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From Apache Wiki <wikidi...@apache.org>
Subject [Cordova Wiki] Update of "ContributorWorkflow" by SharifAhmed
Date Fri, 26 Jul 2013 18:02:27 GMT
Dear Wiki user,

You have subscribed to a wiki page or wiki category on "Cordova Wiki" for change notification.

The "ContributorWorkflow" page has been changed by SharifAhmed:
https://wiki.apache.org/cordova/ContributorWorkflow?action=diff&rev1=27&rev2=28

  ## page was renamed from ContributerWorkflow
  = Look at the Website =
- 
- There is an intro to contributing here: [[http://cordova.apache.org/#contribute]].
+ There is an intro to contributing here: http://cordova.apache.org/#contribute.
- 
  
  = Contributor License Agreement =
- 
- You will need to have signed off on the [[http://www.apache.org/licenses/icla.txt|Apache
CLA]] in order for changes to be accepted. For more information, refer to: [[http://www.apache.org/licenses/#clas]]
+ You will need to have signed off on the [[http://www.apache.org/licenses/icla.txt|Apache
CLA]] in order for changes to be accepted. For more information, refer to: http://www.apache.org/licenses/#clas
  
+ = The Process of Contributing =
+ So, you are an open source enthusiast and want to contribute to the cordova project? Just
follow the steps below and you will be ready in no time:
  
- = Identify Work =
+  * Step - 1: Join our mailing list - dev, issues, commit  http://cordova.apache.org/#mailing-list
+  * Step - 2: Sign ICLA  http://www.apache.org/licenses/#clas
+  * Step - 3: Create an account in jira apache  http://issues.apache.org/jira/
+  * Step - 4: Bookmark the following link: http://issues.apache.org/jira/browse/CB (this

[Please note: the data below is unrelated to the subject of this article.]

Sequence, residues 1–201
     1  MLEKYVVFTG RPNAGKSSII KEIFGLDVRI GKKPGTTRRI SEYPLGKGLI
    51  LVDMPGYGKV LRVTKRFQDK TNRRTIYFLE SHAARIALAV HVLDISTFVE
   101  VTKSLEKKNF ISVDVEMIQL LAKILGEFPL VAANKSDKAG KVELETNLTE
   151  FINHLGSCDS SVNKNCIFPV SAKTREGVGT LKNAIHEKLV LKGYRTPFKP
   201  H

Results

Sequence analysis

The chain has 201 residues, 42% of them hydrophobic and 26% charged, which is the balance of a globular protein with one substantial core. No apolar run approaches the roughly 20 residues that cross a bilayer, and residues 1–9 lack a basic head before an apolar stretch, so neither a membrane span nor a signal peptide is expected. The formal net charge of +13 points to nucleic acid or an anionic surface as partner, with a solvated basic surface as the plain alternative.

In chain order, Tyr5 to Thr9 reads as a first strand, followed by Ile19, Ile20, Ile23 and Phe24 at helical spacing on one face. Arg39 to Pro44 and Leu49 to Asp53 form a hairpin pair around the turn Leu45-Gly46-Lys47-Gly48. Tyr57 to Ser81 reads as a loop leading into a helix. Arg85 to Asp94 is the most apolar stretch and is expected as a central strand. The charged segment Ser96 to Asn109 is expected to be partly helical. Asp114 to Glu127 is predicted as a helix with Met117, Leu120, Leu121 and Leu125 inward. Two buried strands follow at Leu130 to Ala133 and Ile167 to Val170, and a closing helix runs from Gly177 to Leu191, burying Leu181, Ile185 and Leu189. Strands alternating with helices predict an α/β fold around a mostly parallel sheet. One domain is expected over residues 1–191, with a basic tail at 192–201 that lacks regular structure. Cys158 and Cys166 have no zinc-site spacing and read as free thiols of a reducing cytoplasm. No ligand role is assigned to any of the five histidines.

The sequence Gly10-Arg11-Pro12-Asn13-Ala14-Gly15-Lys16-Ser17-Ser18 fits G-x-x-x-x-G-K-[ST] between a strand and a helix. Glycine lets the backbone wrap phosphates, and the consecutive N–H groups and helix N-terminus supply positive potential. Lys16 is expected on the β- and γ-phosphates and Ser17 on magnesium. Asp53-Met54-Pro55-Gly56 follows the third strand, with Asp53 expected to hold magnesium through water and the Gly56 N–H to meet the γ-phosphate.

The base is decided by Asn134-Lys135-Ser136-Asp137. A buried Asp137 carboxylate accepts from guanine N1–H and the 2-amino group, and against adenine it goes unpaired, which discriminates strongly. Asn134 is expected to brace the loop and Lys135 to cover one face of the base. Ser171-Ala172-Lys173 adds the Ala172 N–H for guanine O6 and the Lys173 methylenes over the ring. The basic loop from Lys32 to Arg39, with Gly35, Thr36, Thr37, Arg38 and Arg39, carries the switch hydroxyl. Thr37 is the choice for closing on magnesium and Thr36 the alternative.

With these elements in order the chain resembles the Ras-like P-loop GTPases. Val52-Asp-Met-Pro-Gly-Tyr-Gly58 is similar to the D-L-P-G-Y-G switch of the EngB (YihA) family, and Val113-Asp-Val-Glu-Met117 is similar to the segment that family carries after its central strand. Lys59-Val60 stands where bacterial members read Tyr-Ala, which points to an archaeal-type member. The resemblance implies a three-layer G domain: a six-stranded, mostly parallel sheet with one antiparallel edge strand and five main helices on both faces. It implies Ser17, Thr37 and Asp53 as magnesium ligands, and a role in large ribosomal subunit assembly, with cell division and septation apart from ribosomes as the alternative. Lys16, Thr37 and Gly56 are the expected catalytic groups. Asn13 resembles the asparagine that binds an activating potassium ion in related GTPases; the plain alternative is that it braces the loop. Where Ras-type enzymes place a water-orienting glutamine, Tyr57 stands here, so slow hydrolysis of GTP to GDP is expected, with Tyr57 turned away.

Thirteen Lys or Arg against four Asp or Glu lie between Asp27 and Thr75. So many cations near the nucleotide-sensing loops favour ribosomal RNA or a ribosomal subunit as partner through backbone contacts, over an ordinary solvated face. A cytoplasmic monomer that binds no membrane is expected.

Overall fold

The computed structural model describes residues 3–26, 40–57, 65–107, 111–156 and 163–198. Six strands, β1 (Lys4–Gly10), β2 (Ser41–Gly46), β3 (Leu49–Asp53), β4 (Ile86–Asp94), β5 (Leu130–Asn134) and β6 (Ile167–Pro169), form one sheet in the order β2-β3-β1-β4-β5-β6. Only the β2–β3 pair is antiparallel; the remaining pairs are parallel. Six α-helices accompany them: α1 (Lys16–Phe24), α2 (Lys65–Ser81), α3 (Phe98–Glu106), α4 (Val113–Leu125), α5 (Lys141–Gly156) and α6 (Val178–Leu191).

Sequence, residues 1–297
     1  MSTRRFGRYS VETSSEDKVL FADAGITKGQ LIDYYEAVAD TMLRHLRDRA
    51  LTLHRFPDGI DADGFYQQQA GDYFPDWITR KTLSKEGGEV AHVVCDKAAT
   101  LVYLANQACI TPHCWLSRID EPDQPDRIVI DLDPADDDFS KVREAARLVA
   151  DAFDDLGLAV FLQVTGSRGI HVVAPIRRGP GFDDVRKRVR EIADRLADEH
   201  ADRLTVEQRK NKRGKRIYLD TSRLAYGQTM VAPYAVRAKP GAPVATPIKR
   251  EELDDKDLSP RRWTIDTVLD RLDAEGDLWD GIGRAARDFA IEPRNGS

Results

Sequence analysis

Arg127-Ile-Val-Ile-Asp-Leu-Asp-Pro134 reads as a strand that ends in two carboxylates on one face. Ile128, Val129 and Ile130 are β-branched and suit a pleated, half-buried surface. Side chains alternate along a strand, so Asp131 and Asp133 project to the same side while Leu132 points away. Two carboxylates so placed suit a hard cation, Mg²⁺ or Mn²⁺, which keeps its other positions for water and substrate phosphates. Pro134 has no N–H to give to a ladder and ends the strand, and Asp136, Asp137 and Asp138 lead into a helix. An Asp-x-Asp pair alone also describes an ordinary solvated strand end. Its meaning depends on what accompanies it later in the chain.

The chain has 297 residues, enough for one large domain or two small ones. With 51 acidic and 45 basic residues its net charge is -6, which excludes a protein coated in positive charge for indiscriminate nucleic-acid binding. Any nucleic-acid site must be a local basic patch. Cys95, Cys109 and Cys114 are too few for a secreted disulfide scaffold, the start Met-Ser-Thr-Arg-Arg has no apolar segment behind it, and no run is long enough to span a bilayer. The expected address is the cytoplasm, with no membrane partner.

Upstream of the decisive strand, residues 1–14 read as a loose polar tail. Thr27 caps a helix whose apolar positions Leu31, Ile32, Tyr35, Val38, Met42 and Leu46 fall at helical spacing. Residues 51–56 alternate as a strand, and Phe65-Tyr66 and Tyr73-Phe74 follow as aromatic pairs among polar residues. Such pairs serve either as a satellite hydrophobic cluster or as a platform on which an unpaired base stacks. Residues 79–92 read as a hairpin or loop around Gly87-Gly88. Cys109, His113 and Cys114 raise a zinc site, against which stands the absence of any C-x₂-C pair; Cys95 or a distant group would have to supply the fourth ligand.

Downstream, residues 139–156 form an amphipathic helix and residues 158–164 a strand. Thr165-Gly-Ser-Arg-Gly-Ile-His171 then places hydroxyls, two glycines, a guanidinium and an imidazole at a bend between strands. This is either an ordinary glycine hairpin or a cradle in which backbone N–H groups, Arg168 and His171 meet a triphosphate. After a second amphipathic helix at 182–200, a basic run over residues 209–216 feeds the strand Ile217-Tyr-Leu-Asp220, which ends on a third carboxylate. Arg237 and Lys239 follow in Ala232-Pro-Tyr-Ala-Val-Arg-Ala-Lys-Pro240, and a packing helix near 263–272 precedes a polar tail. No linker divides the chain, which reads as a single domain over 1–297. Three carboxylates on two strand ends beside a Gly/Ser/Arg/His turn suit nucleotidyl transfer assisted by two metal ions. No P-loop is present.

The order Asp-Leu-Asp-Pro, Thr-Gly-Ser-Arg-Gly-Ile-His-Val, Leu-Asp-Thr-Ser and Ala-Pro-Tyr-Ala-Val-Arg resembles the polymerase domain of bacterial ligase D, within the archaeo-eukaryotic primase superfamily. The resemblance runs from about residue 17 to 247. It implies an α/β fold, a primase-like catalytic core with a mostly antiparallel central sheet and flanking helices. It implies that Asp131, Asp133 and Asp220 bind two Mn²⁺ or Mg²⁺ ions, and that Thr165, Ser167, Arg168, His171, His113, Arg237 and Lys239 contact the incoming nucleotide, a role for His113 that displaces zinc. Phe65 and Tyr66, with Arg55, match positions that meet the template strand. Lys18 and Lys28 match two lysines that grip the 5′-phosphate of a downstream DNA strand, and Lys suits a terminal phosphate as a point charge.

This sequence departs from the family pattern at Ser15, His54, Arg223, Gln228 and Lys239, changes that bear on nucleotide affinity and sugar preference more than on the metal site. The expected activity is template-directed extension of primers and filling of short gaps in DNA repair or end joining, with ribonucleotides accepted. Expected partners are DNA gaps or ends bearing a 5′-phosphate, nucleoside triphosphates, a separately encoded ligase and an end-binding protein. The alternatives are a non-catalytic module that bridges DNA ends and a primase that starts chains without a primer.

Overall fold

is the official url for cordova jira issues)
+  * Step - 5: Introduce yourself to the community, by giving a brief introductory mail to
dev@cordova.apache.org
  
- [[https://issues.apache.org/jira/browse/CB|JIRA]] and the [[http://cordova.apache.org/#mailing-list|mailing
list]] are great places to start!
+ If you have completed these steps, you are now ready to start contributing.
+ 
+ There are many ways you can contribute:
+ 
+  1. Find a new bug and report as an issue.
+  1. Solve existing issues.
+  1. Propose a new feature.
+  1. Propose refractor of existing features.
+ 
+ Cordova has a number of sub-projects to choose from. Fork your prefered project and start
working on it.
+ 
+ '''To be remembered:'''
+ 
+  1. If you want to solve existing issues, look for jira issues that are both 'Open' and
not 'In Progress'. Either comment on the issue or bring it up on the mailing list that you
wish to try to patch the issue.
+  1. When you want to create a new issue, make sure you check whether similar issues already
exists or not.
+  1. After creating a jira issue, if you want to assignee that issues to yourself and failed
to do so, don't worry, give a mail to dev@cordova.apache.org and it will be fixed.
+  1. Whenever you are in doubt, feel free to ask on the mailing list about where to help
out and how to go about doing it.
  
  = Fork =
- 
  Fork the official Apache Cordova project mirror with git. Git is the chosen revision control
system for the Cordova project. There are many places to clone the code from:
  
   * from the [[http://git-wip-us.apache.org/repos/asf|official Apache servers]]
@@ -28, +46 @@

  
   1. Create an account on github.com. Note that your repositories will have a URL of the
form 'https://github.com/you' where the string 'you' is your userid. For the exercise here,
substitute 'you' with your github userid. The official github repos that are read-only are
at https://github.com/apache.
   1. Note that Cordova has each component in a separate git repository, so there are many
git repositories that compromise the entire project. They all start with "cordova-". So for
this exercise we will use the fake name "cordova-x", which you should replace with the specific